How do founders know how much seed to raise?
Adam Rifkin stashed this in Founders
"I think at a seed stage it's completely arbitrary. What you're supposed to do is predict what you're going to need in the next 18 months, which we did -- but there's no way to predict that, I don't think. We have three cofounders, and we can build the product alone. And if it doesn't take off, well then we don't need anyone. But if it does take off we're going to need three engineers, four engineers. I found the process to be pretty arbitrary, shockingly so." - Josh Miller, cofounder of Branch - raised a $2 million seed round.
"It's completely arbitrary. $1 million sounds cool, it's a round number! Some startups are raising $500K and some are raising $1.5, so I figured I'd just raise 1. It's nice and simple. My answer if someone asks how I'm going to spend it is, 'Ok, we're 3-6 engineers times 1.5 just buffer and we'll last a year and a half,' and that's the math I do afterwards to make it make sense, but it's just bullshit." - Sahil Lavingia, founder of Gumroad - raised $1.1 million seed round and $7 million Series A.
I'm starting to believe that a lot of what happens in early startups is arbitrary.
Why did Ark, Socialcam, and Pair raise so much money?
Would like to hear more from you, Adam, on this and would love to hear others chime in as well. Whole thing seems UTTERLY arbitrary to me and I don't understand what goes into arriving at a number, however specious the reasoning may end up being...
It's an increasingly complicated marketplace.
A few entrepreneurs can raise however much they want, and they're the ones who get all of the press.
Most entrepreneurs struggle to raise every dime.
Branch and Gumroad are in the exceptional few.
i think it really comes down to your network. i like reid hoffman's view: money flows through people. if you are seeing this kind of money, you have well placed brokers in your network. i don't think that's arbitrary. makes me think of sinan aral's TED talk on social contagion: . causality or homophily? i bet it's homophily. i would wager a good belgian beer that those brokers and these co-founders resonate at the same frequency and know that without having to explicitly say it or call it out.
I know people with huge networks who struggle to raise money.
The founders of the Startups above have small networks.
Network alone doesn't do it.
You need some combination of right market, right product, right timing, and the attention of the right lead investor.
It's not replicable. What works for a few doesn't work for most.
I think it's replicable but it may not be scalable across the playing field. I think huge networks could work against startups in the beginning because to do effective business you have to spend meaningful time with the people in your network. This whole thread makes me think of Moneyball...you may not have the stars but you have to have enough guys(or gals) who can get on 1st.
Christine, I think that's a very good way of looking at it.
One right person can make a huge difference.
I'm genuinely curious to know where Ark, Socialcam, Pair, Branch, and Gumroad will be five years from now.
Best case: They're the new Google, YouTube, Facebook, Twitter, and Paypal, respectively.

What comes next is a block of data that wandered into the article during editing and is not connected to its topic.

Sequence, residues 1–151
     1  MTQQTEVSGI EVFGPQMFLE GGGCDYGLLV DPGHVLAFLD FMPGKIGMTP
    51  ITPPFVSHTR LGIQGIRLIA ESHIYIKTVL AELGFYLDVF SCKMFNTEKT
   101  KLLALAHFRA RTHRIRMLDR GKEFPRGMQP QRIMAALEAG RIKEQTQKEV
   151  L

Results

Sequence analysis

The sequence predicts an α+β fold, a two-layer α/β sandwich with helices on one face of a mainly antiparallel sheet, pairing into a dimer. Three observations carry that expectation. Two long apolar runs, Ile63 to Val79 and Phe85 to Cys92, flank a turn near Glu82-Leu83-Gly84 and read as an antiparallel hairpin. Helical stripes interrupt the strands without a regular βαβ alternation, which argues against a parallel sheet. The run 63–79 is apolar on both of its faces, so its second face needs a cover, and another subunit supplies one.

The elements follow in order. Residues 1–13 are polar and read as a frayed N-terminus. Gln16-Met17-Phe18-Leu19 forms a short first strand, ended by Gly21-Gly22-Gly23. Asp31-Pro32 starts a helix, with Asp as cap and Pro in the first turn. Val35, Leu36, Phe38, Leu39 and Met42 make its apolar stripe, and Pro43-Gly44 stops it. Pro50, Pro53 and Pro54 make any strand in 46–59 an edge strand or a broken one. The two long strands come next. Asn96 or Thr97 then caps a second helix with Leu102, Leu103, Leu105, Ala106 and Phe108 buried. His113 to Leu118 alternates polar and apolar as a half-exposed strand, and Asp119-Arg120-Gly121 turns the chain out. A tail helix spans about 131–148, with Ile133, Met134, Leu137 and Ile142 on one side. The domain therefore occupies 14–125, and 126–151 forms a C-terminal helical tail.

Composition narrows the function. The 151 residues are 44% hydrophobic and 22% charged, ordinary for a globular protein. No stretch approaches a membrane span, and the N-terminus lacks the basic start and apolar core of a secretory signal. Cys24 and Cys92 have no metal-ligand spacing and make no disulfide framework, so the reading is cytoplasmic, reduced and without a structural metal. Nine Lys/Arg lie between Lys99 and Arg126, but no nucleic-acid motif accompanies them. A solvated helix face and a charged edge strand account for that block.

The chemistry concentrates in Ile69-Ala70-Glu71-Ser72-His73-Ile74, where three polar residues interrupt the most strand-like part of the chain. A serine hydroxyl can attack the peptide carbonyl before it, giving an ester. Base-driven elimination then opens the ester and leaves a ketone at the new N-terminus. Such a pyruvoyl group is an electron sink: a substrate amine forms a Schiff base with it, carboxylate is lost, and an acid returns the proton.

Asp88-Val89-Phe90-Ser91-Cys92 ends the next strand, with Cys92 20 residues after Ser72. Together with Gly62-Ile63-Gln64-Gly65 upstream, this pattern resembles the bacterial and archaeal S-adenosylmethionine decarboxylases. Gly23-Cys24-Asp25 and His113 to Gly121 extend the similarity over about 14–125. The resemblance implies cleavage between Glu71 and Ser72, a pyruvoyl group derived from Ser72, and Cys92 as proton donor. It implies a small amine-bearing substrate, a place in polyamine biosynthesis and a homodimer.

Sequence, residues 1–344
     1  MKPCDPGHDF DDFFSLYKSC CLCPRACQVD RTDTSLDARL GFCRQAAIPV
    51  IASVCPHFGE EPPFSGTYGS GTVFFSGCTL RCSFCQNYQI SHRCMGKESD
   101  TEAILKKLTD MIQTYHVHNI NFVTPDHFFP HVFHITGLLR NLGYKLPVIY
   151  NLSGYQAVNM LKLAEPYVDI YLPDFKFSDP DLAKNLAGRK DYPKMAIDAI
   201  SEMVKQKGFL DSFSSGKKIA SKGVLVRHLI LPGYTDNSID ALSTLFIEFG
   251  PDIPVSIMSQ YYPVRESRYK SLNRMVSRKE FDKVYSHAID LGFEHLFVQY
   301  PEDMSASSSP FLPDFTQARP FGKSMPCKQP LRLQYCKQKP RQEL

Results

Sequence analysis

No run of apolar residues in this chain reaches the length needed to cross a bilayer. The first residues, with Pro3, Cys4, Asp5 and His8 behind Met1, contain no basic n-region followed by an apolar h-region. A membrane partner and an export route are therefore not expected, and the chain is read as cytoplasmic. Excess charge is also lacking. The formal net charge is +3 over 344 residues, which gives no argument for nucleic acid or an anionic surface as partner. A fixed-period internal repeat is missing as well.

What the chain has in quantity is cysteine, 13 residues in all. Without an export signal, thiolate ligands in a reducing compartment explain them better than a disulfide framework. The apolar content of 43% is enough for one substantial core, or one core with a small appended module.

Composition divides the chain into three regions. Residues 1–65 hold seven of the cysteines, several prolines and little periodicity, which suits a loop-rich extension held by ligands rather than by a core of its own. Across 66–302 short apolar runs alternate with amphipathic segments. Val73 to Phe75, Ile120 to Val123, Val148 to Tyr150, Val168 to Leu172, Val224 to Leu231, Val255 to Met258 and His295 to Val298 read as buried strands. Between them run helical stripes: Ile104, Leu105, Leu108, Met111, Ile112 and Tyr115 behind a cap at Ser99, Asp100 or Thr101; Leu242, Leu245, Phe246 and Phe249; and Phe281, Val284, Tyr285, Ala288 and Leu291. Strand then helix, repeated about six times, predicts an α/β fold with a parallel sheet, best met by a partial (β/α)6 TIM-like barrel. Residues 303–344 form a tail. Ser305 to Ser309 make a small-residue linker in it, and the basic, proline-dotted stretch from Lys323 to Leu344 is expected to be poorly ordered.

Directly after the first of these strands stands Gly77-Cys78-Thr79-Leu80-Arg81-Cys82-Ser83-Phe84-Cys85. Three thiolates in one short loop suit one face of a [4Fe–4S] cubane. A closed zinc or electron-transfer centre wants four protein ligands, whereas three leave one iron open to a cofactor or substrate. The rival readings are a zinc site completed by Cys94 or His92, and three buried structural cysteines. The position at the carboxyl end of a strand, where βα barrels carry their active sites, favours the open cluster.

Worst case: None of them amount to anything.
How do you go from zero users to 8 million users in 2 weeks?
Ask Socialcam, which just vanquished its competitor Viddy: http://www.businessinsider.com/two-startups-are-duking-it-out-to-be-the-instagram-of-video-and-one-just-came-out-on-top-2012-5
apparently by re-purposing existing content on other video channels. this seems to be a perfect example of not understanding vanity metrics IMO. thoughts?
You are correct. Sneaky way to pump up daily actives, but unclear it has longevity. Easy come, easy go.
i'm curious to know what investors think of that approach. i suspect that SocialCam will get some conversions out of that but i don't expect there to be viral conversions that are long term and i see it more as a tactic and less as a strategy. certainly not sustainable.
Socialcam's investors are all angels who are busy with other things, so they probably don't think about it.
If Socialcam were to take venture capital, it would depend on the VC. Some VC's care, and some do not.
It's just supply and demand. I always laugh when VCs ask entrepreneurs "how much do you need and why?" that's left over from the days of building routers for $30M
Naval, VCs still regularly ask me "How much do you need and why?"
It's a hard habit for them to break.
i like to stay true to my irish girl roots and respond with "how much do you have?" ;O)
There are two competing factors:
1) The Cookie Jar theory
Since you don't know how long the jar will be open, take as many cookies as possible!
2) Exit Flexibility
Take a small enough amount of money that a $10 million exit is still a good outcome for everyone involved. This generally means raising less than $2 million.
Chris, when a company (like Ark, Socialcam, and Pair) raises over $4 million in notes they still have that exit flexibility, right?
Sort of. In those circumstances, it's hard for the investors to view it as a good outcome.
Agreed, those startups have basically signalled to investors that they have to go big if the investor is to see a return.
I've made money on sub-$10 million exits, but only because the amount raised was extremely small.
My thinking is that one big win makes up for several lose-it-alls.
Is that a gambling mentality or is that normal?